In 1974, the largest tornado outbreak was blamed on Global Cooling

On this day in 1974, 148 deadly tornadoes wreaked devastation in over a dozen states, which experts later would call an “ominous sign” of global cooling.

Tony Heller, the editor at Real Climate Science, explains how on April 3, 1974, temperatures across much of the south soared past 90 degrees, with the rest above 80 degrees and Texas going over the 100-degree mark.

Then a massive cold front came crashing down from Canada and collided with the warm, moist air barreling northwards from the Gulf of Mexico.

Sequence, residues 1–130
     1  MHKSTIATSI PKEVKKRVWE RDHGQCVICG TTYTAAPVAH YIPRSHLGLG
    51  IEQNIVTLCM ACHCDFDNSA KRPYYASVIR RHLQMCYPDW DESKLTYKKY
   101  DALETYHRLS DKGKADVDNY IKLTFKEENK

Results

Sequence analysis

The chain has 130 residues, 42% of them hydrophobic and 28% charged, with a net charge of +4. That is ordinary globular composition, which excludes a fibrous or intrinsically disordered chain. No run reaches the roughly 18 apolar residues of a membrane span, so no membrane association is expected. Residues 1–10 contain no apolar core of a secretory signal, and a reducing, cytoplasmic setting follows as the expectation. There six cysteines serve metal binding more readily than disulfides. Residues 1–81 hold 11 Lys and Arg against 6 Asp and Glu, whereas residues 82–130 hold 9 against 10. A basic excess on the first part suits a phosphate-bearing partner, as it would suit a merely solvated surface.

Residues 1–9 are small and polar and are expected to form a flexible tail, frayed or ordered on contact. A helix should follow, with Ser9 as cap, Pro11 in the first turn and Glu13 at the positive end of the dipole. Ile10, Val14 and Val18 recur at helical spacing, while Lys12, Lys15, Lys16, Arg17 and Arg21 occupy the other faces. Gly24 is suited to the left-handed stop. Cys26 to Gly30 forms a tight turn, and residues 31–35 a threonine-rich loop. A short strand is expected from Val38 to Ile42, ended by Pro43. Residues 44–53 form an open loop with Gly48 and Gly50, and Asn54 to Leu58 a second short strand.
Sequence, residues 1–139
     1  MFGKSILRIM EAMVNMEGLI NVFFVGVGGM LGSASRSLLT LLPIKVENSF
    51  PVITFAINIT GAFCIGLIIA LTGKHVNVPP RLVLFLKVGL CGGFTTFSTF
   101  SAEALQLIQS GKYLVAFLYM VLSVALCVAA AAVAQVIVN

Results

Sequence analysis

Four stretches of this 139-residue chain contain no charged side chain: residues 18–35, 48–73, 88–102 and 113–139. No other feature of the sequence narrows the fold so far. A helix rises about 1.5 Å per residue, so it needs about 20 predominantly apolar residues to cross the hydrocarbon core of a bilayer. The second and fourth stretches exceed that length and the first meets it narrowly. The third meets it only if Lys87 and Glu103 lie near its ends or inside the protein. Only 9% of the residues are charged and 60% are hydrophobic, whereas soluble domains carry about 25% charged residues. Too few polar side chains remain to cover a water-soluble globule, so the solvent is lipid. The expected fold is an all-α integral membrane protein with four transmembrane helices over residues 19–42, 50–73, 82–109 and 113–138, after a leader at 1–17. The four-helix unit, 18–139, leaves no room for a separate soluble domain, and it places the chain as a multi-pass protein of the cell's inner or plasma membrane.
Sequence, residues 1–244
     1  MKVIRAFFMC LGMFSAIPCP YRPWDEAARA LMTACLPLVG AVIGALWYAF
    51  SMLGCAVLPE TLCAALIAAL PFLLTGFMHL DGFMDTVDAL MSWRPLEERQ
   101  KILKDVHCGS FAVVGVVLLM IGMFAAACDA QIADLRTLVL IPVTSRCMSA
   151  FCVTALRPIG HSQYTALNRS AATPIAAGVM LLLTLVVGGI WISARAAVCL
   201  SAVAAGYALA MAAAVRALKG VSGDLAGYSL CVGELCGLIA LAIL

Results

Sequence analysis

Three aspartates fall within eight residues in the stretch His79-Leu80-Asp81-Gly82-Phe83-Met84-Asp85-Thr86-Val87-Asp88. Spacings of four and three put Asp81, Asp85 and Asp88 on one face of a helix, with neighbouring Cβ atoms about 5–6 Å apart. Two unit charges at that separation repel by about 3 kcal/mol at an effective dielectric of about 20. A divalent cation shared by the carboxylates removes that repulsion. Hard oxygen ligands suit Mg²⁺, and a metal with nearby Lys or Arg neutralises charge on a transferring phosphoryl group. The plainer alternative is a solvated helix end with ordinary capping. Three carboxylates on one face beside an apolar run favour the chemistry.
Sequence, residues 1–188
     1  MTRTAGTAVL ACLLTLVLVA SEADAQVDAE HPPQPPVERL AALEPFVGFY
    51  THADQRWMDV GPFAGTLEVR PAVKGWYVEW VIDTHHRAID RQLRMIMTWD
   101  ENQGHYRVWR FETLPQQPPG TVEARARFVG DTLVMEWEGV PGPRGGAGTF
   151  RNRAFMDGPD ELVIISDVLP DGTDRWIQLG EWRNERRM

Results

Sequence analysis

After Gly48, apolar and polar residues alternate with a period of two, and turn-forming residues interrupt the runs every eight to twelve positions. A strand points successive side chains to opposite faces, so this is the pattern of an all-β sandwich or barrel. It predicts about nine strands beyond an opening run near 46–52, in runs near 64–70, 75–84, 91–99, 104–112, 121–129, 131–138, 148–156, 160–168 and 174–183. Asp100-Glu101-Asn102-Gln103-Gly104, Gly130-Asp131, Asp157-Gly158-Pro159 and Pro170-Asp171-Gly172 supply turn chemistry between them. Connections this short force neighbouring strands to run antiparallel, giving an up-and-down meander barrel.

Both were set to collide beneath a powerful jet stream whipping eastward at 40,000 feet with 140-mile-per-hour winds.

The combination of three powerful weather events led to the largest outbreak of tornadoes since recordkeeping began.

The tornadoes devastated 13 states and killed over 300 people with another 6,000 injured. Thousands of homes were flattened or destroyed.

What happened on that day was what meteorologists call a “super outbreak.”

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